At present, multiple tools are available to assemble draft genomes using long reads and, separately, to correct errors. In a recent innovative development from the GSC’s Dr. Inanç Birol Lab, researchers have created LongStitch, a scalable pipeline that contains multiple tools (including Tigmint-long, ntLink, and ARKS-long) customized specifically for long read sequences to correct and scaffold draft genome assemblies.
Genomes from most species are long and complicated molecular structures comprised of DNA. The human genome, for example, is more than 3 billion base pairs long. Genomes contain the instructions for building living organisms that, when decoded, provide valuable information about the fundamentals of life, evolution, health, and disease processes.
In order to decode such a long, complex, and often repetitive molecule, the genome can be broken down into smaller fragments known as “reads” that can then be “stitched” together and analyzed as a whole: this process is known as de novo genome assembly. Sequencing reads can come in two forms: short or long reads.
Short-read versus long-read sequencing
Short-read sequencing technologies, also referred to as next generation sequencing (NGS) or second-generation sequencing, rely on fragmenting a long stretch of DNA (e.g., a genome) into short fragments (75-400 bp), each of which is then amplified and sequenced in parallel, ultimately saving time.
On the other hand, long-read sequencing technology, also referred to as third-generation sequencing, works with DNA that has been fragmented into much longer pieces (>10,000 bp). Unlike short reads, long reads are particularly valuable for providing sequencing information on repetitive genome regions. At present, one of the main drawbacks of long-read sequencing, however, is a higher error rate compared to short reads, though this is continually being improved upon.
De novo genome assembly scaffolding tools for long read sequences
Multiple bioinformatics tools, known as scaffolders, are presently available for improving draft genomes (without the use of a reference genome) using long reads (e.g., npScarf, OPERA-LG, LRScaf, etc.). However, many of these tools, while very adept at generating a contiguous genome, still contain errors.
GSC researchers from Dr. Inanç Birol’s Lab noted that such assemblies could benefit with a preliminary correction step prior to scaffolding. Therefore, to streamline current de novo genome assembly pipelines used for long reads, the researchers developed LongStitch.
According to one of the lead authors of the study, Lauren Coombe, assistant bioinformatics coordinator: “Generating genome assemblies is an essential step in many different genomics analysis pipelines, so it is very important to have tools which can use the rich information in sequencing data, particularly long reads, to achieve the highest quality genome assemblies.”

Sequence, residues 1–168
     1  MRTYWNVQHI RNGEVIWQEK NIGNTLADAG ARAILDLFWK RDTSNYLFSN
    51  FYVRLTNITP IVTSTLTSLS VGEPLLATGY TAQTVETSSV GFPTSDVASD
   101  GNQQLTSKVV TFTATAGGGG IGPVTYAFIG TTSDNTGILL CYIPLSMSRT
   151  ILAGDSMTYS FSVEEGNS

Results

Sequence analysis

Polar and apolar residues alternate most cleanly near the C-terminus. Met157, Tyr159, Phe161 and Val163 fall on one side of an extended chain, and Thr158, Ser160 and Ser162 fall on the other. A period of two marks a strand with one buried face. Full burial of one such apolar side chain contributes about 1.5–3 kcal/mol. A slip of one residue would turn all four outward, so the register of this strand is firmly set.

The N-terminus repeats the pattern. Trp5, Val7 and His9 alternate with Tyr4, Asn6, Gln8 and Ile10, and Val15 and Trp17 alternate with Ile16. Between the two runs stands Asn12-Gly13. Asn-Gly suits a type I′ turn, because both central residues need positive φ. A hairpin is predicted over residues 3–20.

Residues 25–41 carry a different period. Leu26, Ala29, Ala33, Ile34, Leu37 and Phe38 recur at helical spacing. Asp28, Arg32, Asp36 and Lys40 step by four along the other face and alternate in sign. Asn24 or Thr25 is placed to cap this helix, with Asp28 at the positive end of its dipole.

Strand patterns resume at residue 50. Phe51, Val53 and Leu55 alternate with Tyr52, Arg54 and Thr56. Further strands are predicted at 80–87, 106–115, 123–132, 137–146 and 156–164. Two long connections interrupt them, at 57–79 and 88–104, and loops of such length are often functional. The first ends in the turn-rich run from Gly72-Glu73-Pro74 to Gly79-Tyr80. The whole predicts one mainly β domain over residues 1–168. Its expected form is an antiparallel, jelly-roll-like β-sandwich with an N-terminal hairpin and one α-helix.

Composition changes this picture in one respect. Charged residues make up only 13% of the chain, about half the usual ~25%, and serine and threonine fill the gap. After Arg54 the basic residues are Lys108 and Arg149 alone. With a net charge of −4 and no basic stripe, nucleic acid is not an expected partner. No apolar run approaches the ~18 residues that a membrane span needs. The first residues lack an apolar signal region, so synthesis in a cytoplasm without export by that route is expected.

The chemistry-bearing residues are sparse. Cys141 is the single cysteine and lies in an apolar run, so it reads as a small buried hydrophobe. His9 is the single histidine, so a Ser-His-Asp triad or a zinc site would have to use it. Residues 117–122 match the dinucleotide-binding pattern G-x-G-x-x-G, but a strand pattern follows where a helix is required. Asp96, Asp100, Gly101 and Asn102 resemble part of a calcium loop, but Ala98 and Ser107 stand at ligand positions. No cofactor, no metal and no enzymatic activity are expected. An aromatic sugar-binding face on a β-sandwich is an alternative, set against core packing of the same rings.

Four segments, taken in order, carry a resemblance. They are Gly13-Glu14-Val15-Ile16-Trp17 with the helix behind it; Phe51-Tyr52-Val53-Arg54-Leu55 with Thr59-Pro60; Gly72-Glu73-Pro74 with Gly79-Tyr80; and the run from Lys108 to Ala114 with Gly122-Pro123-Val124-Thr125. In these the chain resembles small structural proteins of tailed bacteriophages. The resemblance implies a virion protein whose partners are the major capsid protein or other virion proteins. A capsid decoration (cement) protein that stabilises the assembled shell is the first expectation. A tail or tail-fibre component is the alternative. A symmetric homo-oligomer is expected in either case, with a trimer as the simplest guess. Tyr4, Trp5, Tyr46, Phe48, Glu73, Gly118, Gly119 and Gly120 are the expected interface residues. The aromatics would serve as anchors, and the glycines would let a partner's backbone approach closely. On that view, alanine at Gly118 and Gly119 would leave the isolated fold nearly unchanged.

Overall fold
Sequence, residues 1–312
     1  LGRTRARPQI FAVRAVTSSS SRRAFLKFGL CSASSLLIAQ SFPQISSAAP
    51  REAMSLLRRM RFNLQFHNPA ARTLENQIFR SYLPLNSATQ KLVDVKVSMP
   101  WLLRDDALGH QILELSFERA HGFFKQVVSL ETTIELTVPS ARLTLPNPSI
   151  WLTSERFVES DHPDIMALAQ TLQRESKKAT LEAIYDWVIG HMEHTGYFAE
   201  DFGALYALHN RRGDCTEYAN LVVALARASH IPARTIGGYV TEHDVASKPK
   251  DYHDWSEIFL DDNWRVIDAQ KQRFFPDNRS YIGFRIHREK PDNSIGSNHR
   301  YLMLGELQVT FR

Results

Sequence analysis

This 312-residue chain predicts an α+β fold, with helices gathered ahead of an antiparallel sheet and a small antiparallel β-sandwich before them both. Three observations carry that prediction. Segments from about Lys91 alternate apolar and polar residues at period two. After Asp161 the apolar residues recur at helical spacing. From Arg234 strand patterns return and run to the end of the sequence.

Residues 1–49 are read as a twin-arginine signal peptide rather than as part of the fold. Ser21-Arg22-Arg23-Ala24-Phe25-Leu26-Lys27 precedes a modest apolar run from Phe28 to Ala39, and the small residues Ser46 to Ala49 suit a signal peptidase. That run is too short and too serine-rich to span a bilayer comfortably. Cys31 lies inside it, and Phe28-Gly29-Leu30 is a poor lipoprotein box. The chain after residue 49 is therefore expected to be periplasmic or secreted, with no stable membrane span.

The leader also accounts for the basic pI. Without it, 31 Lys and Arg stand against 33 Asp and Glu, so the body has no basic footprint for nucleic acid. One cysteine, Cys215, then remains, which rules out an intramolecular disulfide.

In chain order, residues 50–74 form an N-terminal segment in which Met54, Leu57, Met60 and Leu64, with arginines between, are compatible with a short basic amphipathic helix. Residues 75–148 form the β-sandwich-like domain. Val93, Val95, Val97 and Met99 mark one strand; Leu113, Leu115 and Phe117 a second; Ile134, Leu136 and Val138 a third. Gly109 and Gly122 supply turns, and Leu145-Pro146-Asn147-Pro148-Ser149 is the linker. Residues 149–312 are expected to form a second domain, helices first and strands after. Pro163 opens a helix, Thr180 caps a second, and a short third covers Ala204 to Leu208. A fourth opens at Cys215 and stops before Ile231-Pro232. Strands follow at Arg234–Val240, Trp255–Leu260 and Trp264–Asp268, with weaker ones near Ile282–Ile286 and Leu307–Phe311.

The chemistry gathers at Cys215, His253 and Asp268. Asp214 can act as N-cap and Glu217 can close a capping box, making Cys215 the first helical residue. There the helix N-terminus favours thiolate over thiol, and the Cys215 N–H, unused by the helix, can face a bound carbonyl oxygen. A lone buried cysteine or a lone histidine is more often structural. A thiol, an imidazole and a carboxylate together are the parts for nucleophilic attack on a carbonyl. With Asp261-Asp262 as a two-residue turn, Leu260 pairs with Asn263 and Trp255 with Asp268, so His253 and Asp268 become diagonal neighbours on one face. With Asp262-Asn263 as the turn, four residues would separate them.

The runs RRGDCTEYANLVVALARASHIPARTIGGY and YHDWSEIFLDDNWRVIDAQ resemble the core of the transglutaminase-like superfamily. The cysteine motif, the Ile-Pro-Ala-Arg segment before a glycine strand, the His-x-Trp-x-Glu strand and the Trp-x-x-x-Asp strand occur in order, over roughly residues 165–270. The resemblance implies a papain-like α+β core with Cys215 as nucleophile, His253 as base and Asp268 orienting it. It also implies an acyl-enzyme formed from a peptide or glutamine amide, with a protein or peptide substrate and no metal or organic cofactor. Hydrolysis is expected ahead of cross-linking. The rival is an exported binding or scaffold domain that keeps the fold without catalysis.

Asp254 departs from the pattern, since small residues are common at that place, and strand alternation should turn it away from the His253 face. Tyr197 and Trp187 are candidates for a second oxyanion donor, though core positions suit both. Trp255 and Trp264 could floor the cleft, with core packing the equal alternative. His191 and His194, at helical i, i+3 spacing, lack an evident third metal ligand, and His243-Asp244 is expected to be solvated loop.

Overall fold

LongStitch for long reads
LongStitch is a genomic data processing pipeline that contains a variety of bioinformatic tools—all developed by the Birol Bioinformatics Technology Lab—and modified to work with long reads, specifically.
The researchers tested LongStitch using draft genome assemblies of various model organisms (C. elegans, O. sativa) and humans. They also compared their pipeline to the current gold standard long-read scaffolder, LRScaf, and found that LongStitch generated more contiguous and accurate assemblies in most tests.
In the future, other de novo genome assembly projects using long reads (e.g., sequencing the genome of newly discovered organisms) could benefit by using LongStitch.
“A huge benefit of using LongStitch is that it performs correction on the assembly as well as scaffolding, a combination not seen in the majority of other similar utilities,” said Lauren.
“Therefore, the assemblies output from LongStitch are more correct than existing long-read scaffolding tools in addition to increasing the sequence contiguity, which is very valuable to downstream analyses. Furthermore, LongStitch is fast and memory-efficient, making it an accessible pipeline for many different research groups.”
This study was supported by funding from the National Institutes of Health, Genome British Columbia, and Genome Canada.
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Learn more about the Birol Lab at the GSC and about their bioinformatics technology research
Learn about other bioinformatics tools and software for analyzing sequencing data, including the Birol’s Lab’s previously published tools, Tigmint and ARKS
Lauren Coombe†, Janet X. Li†, Theodora Lo†, Johnathan Wong, Vladimir Nikolic, René L. Warren, Inanç Birol. LongStitch: high‐quality genome assembly correction and scaffolding using long reads. BMC Bioinformatics.
*bold font indicates members of the GSC.
† indicates authors that contributed equally to this work